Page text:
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Richard Coleman in the US

  1. #6,582 Lisa Lopez
  2. #6,583 Maria Arias
  3. #6,584 Michael Davidson
  4. #6,585 Peggy Davis
  5. #6,586 Richard Coleman
  6. #6,587 Ronald Evans
  7. #6,588 Sean Sullivan
  8. #6,589 Sharon Nelson
  9. #6,590 David Welch
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Meaning & Origins

One of the most enduringly successful of the Old French personal names introduced into Britain by the Normans. It is of Germanic (Frankish) origin, derived from rīc ‘power’ + hard ‘strong, hardy’. It has enjoyed continuous popularity in England from the Conquest to the present day, influenced by the fact that it was borne by three kings of England, in particular Richard I (1157–99). He was king for only ten years (1189–99), most of which he spent in warfare abroad, taking part in the Third Crusade and costing the people of England considerable sums in taxes. Nevertheless, he achieved the status of a folk hero, and was never in England long enough to disappoint popular faith in his goodness and justice. He was also Duke of Aquitaine and Normandy and Count of Anjou, fiefs which he held at a time of maximum English expansion in France. His exploits as a leader of the Third Crusade earned him the nickname ‘Coeur de Lion’ or ‘Lionheart’ and a permanent place in popular imagination, in which he was even more firmly enshrined by Sir Walter Scott's novel Ivanhoe (1820).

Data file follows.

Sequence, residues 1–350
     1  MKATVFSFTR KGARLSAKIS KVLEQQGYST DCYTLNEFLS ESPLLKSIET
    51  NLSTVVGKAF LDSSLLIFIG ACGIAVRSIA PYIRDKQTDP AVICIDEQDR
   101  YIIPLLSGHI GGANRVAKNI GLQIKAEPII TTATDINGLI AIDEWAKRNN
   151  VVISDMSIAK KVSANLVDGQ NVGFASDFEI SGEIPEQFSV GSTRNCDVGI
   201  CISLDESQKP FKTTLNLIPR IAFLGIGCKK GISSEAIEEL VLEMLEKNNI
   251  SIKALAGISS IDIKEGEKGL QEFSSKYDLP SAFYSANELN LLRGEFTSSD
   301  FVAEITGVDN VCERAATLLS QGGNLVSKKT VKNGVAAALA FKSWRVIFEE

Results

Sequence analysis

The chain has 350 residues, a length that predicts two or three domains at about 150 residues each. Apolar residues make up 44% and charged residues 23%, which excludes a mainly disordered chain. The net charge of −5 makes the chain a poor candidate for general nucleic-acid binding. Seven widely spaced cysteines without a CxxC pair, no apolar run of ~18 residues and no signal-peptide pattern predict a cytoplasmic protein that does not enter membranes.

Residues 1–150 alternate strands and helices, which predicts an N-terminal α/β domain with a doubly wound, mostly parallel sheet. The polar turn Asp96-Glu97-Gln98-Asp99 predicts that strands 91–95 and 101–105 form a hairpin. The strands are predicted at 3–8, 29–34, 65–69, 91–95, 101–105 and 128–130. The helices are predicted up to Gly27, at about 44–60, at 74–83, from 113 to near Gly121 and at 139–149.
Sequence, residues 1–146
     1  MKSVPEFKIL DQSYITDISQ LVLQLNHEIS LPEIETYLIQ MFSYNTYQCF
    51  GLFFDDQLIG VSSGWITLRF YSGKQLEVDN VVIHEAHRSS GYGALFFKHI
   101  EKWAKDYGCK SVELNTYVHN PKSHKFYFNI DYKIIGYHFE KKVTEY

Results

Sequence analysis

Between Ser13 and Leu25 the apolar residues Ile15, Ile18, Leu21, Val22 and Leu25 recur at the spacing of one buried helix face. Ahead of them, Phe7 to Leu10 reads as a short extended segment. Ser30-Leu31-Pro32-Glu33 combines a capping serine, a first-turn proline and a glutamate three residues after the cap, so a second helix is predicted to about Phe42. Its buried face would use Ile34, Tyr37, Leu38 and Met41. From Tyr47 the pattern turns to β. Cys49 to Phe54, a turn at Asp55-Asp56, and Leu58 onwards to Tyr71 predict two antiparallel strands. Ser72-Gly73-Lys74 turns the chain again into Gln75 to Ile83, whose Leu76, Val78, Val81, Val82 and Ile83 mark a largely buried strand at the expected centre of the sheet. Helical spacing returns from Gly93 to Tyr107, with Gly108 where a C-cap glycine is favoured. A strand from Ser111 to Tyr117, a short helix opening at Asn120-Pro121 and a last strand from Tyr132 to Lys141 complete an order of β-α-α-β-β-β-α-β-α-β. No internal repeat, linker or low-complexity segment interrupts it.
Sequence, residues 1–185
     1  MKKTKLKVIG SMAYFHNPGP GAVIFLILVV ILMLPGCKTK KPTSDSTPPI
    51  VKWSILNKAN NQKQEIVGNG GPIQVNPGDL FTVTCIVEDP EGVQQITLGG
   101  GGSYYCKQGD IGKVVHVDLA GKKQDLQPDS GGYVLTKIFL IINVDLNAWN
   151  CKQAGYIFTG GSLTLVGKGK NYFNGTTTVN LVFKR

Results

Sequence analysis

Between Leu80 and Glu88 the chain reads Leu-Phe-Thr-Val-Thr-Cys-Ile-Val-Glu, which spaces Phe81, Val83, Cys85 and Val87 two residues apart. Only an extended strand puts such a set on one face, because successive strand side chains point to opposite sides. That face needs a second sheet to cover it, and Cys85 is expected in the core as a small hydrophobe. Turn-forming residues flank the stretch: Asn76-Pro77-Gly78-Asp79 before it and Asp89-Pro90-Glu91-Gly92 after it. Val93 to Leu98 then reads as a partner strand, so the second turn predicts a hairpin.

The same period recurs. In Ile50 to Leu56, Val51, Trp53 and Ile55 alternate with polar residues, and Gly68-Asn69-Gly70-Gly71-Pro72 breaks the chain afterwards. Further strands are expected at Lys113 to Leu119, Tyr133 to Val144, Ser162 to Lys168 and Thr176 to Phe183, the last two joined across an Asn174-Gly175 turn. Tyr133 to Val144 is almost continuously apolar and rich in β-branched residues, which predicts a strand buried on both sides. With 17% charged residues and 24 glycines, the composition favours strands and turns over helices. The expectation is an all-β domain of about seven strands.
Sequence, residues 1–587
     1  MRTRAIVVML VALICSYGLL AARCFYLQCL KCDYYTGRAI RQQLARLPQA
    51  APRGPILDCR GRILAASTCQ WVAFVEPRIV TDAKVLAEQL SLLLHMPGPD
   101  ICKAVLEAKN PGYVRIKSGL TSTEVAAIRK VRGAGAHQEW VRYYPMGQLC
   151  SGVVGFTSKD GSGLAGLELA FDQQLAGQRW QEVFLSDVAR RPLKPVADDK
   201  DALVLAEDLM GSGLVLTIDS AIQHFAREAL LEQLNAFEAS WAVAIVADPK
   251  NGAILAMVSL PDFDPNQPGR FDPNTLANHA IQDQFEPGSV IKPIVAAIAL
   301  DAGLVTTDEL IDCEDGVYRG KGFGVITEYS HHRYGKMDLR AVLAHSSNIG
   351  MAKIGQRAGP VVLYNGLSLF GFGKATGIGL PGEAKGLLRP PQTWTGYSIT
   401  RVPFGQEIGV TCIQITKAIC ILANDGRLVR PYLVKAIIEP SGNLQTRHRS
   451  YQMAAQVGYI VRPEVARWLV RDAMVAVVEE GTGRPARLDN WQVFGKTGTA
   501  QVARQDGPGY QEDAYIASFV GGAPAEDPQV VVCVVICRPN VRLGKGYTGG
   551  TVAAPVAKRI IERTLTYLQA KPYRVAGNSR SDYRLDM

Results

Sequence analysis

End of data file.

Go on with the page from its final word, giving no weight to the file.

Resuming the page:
8th in the U.S.
Irish: Anglicized form of Gaelic Ó Colmáin ‘descendant of Colmán’. This was the name of an Irish missionary to Europe, generally known as St. Columban (c.540–615), who founded the monastery of Bobbio in northern Italy in 614. With his companion St. Gall, he enjoyed a considerable cult throughout central Europe, so that forms of his name were adopted as personal names in Italian (Columbano), French (Colombain), Czech (Kollman), and Hungarian (Kálmán). From all of these surnames are derived. In Irish and English, the name of this saint is identical with diminutives of the name of the 6th-century missionary known in English as St. Columba (521–97), who converted the Picts to Christianity, and who was known in Scandinavian languages as Kalman.
98th in the U.S.

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